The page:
Flan de Calabaza Douglas Rodriguez

Douglas Rodriguez’s Pumpkin Flan

Preparation info

  • Difficulty


  • Serves

    8 to 10

Appears in

Eating Cuban

Eating Cuban

By Beverly Cox and Martin Jacobs

Published 2006

  • About

I first became aware of the culinary wizardry of Douglas Rodriguez in 1999. At that time, Douglas was the executive chef and co-owner of Patria, one of New York City’s most fashionable restaurants. Now based in Miami, he continues to produce wonderful dishes, many of which reflect his Cuban heritage. Among them is this luscious pumpkin flan with a gingersnap crust, the perfect dessert for a Thanksgiving dinner with a Cuban twist.

If cooking a fresh calabaza or pumpkin, cut it in half and remove the seeds. Cut the calabaza into pieces. Bring a pot of water to a boil, add the calabaza, and cook until tender, 20 to 30 minutes. Drain and let the calabaza cool. Peel the pieces and puree the flesh. For an alternative method of caramelizing the mold, see the recipe for Flan de Leche Clásico (Classic Flan).


For the Caramel

  • ¾ cup sugar

For the Custard

  • 8 large eggs
  • 3 tablespoons sugar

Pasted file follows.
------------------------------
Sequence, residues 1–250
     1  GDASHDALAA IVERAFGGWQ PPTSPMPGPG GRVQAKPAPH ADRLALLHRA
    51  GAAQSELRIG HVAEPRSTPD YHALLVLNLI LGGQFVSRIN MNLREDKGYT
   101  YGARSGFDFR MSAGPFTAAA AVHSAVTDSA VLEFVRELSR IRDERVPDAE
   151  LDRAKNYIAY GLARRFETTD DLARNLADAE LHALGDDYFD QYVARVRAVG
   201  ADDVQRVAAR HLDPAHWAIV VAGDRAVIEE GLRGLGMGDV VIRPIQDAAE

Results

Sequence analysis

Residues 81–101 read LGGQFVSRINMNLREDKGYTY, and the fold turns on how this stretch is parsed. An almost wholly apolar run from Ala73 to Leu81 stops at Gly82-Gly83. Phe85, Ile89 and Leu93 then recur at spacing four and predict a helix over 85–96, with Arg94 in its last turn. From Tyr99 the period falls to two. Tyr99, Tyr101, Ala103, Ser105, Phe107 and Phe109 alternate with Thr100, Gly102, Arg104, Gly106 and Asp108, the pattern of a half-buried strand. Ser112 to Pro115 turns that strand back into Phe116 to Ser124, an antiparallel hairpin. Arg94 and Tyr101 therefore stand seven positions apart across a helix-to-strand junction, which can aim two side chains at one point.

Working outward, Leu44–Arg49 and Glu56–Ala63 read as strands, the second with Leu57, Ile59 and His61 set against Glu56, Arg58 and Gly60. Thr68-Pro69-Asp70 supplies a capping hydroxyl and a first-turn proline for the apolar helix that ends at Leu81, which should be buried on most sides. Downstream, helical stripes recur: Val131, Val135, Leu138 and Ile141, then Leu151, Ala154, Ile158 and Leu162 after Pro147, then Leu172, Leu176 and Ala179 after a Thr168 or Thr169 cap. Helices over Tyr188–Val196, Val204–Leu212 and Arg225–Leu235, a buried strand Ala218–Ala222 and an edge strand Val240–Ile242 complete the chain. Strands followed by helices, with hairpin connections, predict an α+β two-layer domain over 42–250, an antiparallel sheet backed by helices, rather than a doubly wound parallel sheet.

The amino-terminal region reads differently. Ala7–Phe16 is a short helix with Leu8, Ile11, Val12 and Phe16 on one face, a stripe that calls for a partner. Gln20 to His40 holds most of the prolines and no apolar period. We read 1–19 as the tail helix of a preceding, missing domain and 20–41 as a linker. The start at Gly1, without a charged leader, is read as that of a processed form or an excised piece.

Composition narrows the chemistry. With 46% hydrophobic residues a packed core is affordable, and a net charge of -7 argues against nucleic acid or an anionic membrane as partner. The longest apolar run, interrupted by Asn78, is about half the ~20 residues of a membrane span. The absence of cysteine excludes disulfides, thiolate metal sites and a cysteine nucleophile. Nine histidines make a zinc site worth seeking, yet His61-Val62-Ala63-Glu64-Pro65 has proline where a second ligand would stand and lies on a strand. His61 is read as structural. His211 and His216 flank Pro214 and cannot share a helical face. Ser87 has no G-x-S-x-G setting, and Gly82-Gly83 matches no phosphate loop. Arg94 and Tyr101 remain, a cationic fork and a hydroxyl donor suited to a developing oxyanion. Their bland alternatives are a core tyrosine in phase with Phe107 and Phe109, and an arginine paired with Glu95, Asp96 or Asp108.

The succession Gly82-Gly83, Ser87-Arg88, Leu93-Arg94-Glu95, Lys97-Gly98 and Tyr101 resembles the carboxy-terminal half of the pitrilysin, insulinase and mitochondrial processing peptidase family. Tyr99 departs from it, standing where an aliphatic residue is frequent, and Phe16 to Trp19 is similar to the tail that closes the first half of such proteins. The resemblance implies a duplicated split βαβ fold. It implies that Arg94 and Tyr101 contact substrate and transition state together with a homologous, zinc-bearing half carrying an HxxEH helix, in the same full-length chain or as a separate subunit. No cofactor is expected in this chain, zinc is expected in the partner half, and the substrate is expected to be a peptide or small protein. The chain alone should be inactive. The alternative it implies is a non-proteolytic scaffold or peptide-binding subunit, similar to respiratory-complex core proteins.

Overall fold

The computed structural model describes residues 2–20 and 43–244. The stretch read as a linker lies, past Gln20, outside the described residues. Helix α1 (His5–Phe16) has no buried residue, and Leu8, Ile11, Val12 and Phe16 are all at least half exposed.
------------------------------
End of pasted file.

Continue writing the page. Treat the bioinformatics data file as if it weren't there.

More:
• ¼ teaspoon ground cinnamon (optional)
  • ¼ teaspoon freshly grated nutmeg (optional)
  • cups cooked, pureed calabaza or Peeled, diced flesh of pie pumpkin, or canned pumpkin puree
  • 1 (14-ounce) can sweetened condensed milk
  • 1 (12-ounce) can evaporated milk

For the Crust

  • ½ pound gingersnaps
  • cup melted butter


Make the caramel: Place the sugar in a heavy-bottomed saucepan and cook, stirring, over medium heat until the sugar melts and turns a light amber color, 10 to 15 minutes. Pour the caramel into a 9-by-5-inch loaf pan and tip the pan to evenly coat the bottom. Set aside. Preheat the oven to 350°F.

Make the custard: In a large mixing bowl, using an electric mixer or whisk, beat the eggs until pale yellow. Gradually mix in the sugar, and the cinnamon and nutmeg, if using. Add the pureed calabaza, the sweetened condensed milk, and evaporated milk. Place the caramel-coated loaf pan in a larger baking pan. Pour the custard into the loaf pan. Pour enough hot water into the larger pan to come halfway up the sides of the loaf pan. Place on the middle rack of the oven and bake for 15 minutes. Lower the oven temperature to 325°F. and continue to bake until the custard is set and a knife inserted in the center comes out clean, 45 minutes to 1 hour. Remove the flan from the water bath and let it cool completely on a baking rack.

Make the crust: Place the gingersnaps in a food processor and pulse until they turn to fine crumbs. Gradually add the butter and process until well blended. Spread the crumb crust evenly over the top of the cooled flan and chill overnight in the refrigerator.

To serve, run a thin-bladed knife around the edges of the flan. Place a serving platter face down on top of the loaf pan, invert the loaf pan onto the platter, and carefully lift it off. If the flan doesn’t unmold immediately, place a warm, damp towel on top of the loaf pan to warm it slightly before unmolding the flan. Slice the flan and serve.